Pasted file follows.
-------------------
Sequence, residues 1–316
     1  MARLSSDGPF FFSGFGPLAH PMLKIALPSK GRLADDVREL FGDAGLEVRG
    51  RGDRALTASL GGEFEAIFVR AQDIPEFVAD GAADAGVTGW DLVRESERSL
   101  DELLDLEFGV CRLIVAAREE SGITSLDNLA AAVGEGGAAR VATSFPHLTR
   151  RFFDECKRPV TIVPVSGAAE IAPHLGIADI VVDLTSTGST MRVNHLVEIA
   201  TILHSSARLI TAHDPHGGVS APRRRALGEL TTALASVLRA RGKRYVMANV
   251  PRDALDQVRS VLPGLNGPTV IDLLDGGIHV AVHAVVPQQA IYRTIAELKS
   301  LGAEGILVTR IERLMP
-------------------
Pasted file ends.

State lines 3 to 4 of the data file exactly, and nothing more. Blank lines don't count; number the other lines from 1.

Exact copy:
    51  RGDRALTASL GGEFEAIFVR AQDIPEFVAD GAADAGVTGW DLVRESERSL
   101  DELLDLEFGV CRLIVAAREE SGITSLDNLA AAVGEGGAAR VATSFPHLTR